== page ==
Nick Muldoon, Agile coach at Twitter, is one of the many Conteneo Certified Collaboration Architects™ (CCAs) that volunteered their time to serve as game facilitators and traveled to San Jose from other cities around the world to ensure there would be no bias in the game results. The CCA team facilitating the games at the event included employees from Adobe, Apple, Cisco, HP and PayPal along with independent strategy, market research and Agile software development consultants. 

Muldoon agrees the input from city leaders at the budget games is an important factor. He says the information from the police chief and a gentleman from the San Jose roads department quickly moved the game players at his table to a consensus opinion rallying around street repairs. 

The input from the city leaders helped residents understand the city’s predicament in that budget initiatives only focus on what the city can actually act on and thus don’t include areas where it lacks control (such as with unions). With this understanding, they decided to distribute their pooled money differently than they had discussed at the outset.  

Muldoon says he was struck by how engaged people were about contributing their input in the budget decisions. “The collaboration aspect of working together to pool their funds to buy an initiative was exciting for them and a really valuable experience. Whenever they collaborated, they smiled and said, ‘Great, we got that done.’” 

Games give everyone a voice 

Davlyn Jones, a board member of the Winchester Ranch Seniors Homeowners Association, went to the budget games to find out more about what was included in the budget. She hoped that senior citizens and affordable housing were included in the city’s 24 budget initiatives, but they weren’t on the list. 

Jones says the thrust of the 24 budget items were police, fire trucks and firemen, library hours, parks and recreation, and crime and safety — obviously items of interest for other participants at her table, which included social workers, a community center person and an organizer for kids’ events.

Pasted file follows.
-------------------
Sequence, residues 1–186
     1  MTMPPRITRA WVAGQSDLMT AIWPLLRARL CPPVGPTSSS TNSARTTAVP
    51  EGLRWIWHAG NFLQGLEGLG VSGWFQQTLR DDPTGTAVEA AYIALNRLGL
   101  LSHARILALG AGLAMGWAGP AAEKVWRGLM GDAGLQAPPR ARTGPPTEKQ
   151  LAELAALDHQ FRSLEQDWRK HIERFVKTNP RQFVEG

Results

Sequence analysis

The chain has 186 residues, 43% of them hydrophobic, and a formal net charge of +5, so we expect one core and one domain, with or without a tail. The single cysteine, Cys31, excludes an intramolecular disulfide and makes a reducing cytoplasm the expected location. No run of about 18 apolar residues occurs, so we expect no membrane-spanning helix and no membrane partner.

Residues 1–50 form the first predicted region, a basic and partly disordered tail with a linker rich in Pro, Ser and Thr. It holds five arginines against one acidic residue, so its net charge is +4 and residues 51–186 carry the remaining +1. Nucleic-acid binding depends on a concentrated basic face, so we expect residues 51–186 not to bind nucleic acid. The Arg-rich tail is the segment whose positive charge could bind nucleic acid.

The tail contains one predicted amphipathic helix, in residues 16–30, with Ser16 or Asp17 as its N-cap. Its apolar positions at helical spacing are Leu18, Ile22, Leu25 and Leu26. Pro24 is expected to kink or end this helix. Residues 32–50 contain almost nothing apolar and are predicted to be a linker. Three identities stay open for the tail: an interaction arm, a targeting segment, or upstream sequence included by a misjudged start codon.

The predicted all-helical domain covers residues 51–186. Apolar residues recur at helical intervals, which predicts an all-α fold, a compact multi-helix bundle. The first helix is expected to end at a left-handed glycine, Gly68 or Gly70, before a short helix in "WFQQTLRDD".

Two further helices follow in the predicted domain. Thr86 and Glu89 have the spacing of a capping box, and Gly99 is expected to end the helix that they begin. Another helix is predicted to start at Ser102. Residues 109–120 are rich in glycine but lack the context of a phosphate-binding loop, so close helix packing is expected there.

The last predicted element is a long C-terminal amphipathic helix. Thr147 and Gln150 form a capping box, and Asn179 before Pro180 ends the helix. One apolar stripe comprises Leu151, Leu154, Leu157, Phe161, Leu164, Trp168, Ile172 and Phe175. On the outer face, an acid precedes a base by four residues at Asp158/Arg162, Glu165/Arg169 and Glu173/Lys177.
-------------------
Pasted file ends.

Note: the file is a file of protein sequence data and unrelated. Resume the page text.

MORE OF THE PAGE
“I was surprised at the decision we reached at our table!” says Jones. “We voted for street repair as the #1 priority. After discussions, we chose which items to buy out of the 24 according to what we felt the city priorities should be. There was no arguing. We each felt we had a voice. Democracy works!” 

Changing stakeholder “me” perspectives to “we” perspectives 

Ed Rast recalls that at the time of Mayor Reed’s election campaign seven years ago, he campaigned for a greater neighborhood and community voice in decisions that affect residents, citywide budget decisions and spending decisions. 

Commenting on this year’s budget games, Mayor Reed says, “It energizes me to see our citizens roll up their sleeves and help us tackle the issues we are facing as a city.” 

Luke Hohmann, creator of Conteneo’s budget game used at San Jose, says “Citizens in a representational democracy are supposed to wrestle with issues and be able to make their preferences known. The fact that citizens changed their minds about the priorities is a shining example of democracy.” 

Hohmann explains that Conteneo’s “serious” games of collaboration help change stakeholders’ “me” perspectives to “we” perspectives because the games require working with others, thinking strategically and structuring negotiations on what will have the highest-impact results for a company or a government. 

“People win when they work together and think holistically about what is right for an organization or government,” says Hohmann. “Our software scaled great for the online version of the 2014 San Jose budget games. This allows San Jose policy makers the benefit of input from hundreds more citizens than in prior years.”  

The budget games went global in 2013 when the city of Kortrijk, Belgium, announced it would use the games as part of its citizen engagement project. 

Luke Hohmann is founder and CEO of Conteneo, Inc.™, (formerly The Innovation Games® Company), providing seriously fun games that produce great strategy results for business. Luke’s background is in strategic planning and decision making in large and small companies. He is the author of the Epic Wins series — playbooks that show companies how to harness the power of serious games to achieve Epic Wins in business. Contact him at; follow him on Twitter @lukehohmann.